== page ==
As you’ve previously read here, BMW has announced the new 2nd generation MINI Cooper, coded the R56. I’m sure MINI fans and car enthusiasts alike are curious to find out more about BMW’s new take on the iconic little car that has charmed the hearts of generations, but do you want to know where the MINI Cooper is made? Read about the MINI’s new triangle of production here, check out my first hand report after the jump.

BMW’s new 2nd generation R56 MINI Cooper is produced in what BMW calls the MINI production triangle. This is because geographically, the three plants involved in the production of the new MINI look like the three points of a triangle on a map. The top of the triangle is the Hams Hall plant, while the two other plants are the Oxford plant on the bottom right and the Swindon plant on the bottom left – well, sort of anyway. Not really a perfect triangle.

The Ham’s Hall plant builds BMW’s straight-four petrol engines in capacities of 1.6 litres to 2.0 litres. While previously the MINI Cooper engine was sourced from a joint venture with Chrysler in Brazil, the new engine was developed through a joint venture with PSA Peugoet Citroen. It remains a 1.6 litre engine, but the S variant now gains it’s additional power through turbocharging instead of supercharging. So the Ham’s Hall plant received a 30 million pound investment to expand the production to include BMW’s new PSA JV 1.6 litre engines.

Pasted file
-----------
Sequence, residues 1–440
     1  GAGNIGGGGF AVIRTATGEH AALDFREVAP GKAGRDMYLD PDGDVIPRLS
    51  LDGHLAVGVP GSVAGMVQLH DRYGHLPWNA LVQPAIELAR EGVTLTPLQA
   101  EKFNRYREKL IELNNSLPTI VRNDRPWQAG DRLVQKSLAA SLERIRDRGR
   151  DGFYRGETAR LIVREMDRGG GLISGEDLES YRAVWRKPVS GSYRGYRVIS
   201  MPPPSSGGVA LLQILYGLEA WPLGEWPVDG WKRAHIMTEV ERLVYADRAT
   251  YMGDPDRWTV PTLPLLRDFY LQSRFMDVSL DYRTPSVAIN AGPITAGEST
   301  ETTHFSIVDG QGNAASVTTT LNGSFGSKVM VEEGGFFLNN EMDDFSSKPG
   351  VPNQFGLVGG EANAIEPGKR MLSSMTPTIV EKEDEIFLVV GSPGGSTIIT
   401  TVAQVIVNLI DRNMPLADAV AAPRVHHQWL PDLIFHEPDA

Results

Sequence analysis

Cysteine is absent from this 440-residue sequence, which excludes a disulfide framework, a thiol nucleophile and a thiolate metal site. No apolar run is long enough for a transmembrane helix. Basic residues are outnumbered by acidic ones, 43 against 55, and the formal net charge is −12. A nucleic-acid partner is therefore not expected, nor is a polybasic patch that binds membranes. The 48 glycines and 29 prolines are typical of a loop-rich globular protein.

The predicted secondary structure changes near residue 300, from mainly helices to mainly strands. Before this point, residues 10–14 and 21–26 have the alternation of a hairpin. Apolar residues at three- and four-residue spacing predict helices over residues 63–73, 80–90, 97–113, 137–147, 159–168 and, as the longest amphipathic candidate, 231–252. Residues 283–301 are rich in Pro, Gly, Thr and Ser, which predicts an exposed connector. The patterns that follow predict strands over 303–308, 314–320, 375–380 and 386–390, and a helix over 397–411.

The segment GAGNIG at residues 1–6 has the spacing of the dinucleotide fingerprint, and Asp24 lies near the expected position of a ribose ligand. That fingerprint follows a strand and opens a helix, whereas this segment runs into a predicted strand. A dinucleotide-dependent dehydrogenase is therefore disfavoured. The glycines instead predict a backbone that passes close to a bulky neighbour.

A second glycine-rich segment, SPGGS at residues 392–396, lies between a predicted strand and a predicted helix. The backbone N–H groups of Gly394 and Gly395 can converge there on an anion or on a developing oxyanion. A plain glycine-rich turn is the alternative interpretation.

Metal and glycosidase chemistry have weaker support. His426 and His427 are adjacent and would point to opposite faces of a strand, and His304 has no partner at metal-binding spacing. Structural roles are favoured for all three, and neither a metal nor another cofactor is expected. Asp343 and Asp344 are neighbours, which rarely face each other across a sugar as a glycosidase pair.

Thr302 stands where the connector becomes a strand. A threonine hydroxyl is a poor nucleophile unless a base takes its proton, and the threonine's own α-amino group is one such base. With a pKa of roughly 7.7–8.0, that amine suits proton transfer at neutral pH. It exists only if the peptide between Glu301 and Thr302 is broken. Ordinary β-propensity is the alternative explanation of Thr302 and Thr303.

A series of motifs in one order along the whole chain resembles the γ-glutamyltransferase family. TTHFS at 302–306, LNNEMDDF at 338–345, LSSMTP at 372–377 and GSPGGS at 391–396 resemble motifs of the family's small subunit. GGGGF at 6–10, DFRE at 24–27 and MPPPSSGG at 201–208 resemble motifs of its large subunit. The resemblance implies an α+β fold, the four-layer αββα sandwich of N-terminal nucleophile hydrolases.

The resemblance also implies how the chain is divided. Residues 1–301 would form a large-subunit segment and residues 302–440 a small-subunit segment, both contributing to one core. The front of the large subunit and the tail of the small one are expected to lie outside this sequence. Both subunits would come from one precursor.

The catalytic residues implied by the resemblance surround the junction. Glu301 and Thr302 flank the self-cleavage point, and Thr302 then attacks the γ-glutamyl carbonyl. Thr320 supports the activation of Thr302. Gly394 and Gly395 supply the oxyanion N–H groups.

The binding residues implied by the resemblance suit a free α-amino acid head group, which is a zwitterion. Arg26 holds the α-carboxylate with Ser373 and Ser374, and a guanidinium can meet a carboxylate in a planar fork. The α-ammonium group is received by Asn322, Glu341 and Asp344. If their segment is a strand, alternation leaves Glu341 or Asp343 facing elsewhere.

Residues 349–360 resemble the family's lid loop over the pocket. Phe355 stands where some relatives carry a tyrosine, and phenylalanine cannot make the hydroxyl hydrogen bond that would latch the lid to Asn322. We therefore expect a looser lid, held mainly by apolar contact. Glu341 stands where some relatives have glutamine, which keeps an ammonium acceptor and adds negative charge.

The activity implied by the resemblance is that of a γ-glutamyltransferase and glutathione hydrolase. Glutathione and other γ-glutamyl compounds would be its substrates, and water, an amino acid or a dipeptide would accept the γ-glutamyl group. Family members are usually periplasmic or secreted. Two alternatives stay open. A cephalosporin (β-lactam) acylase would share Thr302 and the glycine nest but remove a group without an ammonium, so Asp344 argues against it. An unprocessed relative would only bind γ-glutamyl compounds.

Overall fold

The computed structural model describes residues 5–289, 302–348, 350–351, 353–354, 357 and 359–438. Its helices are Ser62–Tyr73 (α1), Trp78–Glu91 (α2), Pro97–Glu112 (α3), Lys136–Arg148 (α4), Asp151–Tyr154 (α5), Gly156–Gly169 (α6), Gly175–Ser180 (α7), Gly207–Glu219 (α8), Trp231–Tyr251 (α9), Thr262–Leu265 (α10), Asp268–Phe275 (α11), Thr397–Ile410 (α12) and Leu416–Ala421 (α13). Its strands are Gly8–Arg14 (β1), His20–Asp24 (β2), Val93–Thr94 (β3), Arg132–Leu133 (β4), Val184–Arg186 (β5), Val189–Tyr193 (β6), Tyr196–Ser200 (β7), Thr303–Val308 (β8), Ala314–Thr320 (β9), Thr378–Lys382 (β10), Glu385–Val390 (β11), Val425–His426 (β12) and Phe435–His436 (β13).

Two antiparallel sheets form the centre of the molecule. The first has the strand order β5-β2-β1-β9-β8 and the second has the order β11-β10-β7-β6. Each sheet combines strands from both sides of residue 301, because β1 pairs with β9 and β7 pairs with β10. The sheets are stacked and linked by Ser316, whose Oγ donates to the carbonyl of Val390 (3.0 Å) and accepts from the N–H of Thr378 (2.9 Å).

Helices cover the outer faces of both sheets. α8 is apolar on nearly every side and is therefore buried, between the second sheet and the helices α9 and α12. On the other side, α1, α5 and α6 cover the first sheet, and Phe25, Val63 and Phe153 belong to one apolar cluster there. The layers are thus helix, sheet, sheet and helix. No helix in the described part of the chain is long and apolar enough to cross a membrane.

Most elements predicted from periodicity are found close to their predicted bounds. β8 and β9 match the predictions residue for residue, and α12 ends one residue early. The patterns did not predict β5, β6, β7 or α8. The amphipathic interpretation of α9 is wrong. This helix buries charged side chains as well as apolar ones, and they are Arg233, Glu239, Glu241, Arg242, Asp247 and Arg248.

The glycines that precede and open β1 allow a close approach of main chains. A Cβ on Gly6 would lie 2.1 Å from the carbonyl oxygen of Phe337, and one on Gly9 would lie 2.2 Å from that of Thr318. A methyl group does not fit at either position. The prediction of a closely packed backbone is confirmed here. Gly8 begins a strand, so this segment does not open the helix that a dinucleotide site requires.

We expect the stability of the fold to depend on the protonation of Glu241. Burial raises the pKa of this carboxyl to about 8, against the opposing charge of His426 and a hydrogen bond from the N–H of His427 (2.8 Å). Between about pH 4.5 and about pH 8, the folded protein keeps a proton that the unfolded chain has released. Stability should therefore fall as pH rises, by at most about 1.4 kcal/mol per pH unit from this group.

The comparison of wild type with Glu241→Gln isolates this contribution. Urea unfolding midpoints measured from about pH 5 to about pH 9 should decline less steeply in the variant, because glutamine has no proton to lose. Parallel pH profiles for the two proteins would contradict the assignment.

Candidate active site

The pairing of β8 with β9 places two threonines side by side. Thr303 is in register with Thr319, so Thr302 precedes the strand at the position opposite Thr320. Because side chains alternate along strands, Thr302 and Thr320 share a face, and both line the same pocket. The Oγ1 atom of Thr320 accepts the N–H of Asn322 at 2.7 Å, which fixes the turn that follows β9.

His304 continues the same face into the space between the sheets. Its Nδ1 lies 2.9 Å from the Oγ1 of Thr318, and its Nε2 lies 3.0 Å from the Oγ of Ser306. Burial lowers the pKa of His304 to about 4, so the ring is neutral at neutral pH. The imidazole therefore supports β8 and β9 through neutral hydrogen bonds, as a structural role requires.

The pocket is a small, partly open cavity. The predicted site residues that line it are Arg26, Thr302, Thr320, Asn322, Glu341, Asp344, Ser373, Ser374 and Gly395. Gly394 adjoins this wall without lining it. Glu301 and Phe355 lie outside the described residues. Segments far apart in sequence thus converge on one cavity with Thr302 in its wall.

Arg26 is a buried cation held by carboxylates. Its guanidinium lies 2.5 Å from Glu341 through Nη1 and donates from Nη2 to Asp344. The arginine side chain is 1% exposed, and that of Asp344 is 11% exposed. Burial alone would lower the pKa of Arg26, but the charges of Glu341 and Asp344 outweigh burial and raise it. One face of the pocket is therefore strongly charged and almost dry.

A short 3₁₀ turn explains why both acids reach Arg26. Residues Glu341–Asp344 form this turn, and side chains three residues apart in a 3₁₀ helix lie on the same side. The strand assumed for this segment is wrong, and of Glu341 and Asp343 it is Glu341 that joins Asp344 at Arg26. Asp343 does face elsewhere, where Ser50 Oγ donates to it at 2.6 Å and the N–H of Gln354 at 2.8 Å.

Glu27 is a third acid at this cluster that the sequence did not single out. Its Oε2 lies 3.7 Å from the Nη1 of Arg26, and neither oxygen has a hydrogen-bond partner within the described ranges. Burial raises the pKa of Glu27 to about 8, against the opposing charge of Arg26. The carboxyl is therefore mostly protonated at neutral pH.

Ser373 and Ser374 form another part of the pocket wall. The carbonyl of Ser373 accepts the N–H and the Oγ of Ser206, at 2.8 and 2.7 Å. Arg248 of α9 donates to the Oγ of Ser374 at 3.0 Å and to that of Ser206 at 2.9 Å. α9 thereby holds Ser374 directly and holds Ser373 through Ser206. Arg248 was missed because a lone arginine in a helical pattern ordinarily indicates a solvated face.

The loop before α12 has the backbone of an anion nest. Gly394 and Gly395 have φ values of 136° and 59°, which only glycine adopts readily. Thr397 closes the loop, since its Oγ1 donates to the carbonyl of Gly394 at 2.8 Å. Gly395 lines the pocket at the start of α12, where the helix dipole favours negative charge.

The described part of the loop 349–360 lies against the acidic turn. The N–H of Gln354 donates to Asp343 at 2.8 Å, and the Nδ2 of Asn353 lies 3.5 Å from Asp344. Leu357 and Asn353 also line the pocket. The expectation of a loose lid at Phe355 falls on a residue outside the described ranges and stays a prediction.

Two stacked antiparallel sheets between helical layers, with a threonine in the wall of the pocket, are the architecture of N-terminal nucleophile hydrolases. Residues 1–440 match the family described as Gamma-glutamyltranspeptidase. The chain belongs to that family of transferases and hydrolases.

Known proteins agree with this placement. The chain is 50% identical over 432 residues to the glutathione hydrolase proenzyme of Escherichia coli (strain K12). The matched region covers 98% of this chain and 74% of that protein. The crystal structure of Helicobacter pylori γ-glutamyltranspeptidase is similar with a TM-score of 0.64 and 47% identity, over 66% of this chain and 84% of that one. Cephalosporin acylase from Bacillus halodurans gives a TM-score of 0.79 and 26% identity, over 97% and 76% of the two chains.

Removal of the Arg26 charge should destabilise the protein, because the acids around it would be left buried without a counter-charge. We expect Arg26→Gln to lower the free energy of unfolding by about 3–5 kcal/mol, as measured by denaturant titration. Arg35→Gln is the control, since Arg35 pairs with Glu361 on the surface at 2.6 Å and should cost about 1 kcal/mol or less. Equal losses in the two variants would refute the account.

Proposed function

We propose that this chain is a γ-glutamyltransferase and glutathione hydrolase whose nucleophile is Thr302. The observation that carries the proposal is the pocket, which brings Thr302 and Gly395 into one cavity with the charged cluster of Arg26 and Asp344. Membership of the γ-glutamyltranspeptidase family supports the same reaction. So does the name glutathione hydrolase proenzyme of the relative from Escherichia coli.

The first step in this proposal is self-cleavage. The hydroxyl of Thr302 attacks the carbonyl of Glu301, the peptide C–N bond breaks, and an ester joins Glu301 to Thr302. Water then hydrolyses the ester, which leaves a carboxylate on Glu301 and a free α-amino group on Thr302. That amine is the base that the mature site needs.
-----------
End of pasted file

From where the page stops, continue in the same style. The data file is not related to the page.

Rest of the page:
Plant Swindon is where the body pressing and sub-assembly manufacturing is done. Body pressings that are done here grew from the bonnets, doors, side panels and rear panels, to now include all the body shell sub-assembly work, of which after completion is delivered to Plant Oxford where final assembly is done. The Swindon plant makes 280 of the 350 different pressed parts for the R56 MINI Cooper.

Plant Oxford is the body shell, paint shop and final assembly plant, where the MINI Cooper is actually put together and tested. This is the plant I visited, and it looked pretty impressive to me. A mixture of robotics and hand assembly. Interestingly, the assembly management is required to come up with 4 ideas annually for the improvement of the assembly process, this ensures the plant’s production improves from year to year. For the moment, both the first generation MINI Cooper and the second generation MINI Cooper R56 are being produced at the plant on the same assembly line. When the old MINI Cooper is phased out, the old Cabriolet model will still be produced as the 2nd generation R56 MINI doesn’t have a Cabriolet yet. The plant works in 3 shifts, 20 hours a day, which means probably there are 2 hour breaks in between shifts. Shift times can be adjusted within 25% ranges of each other.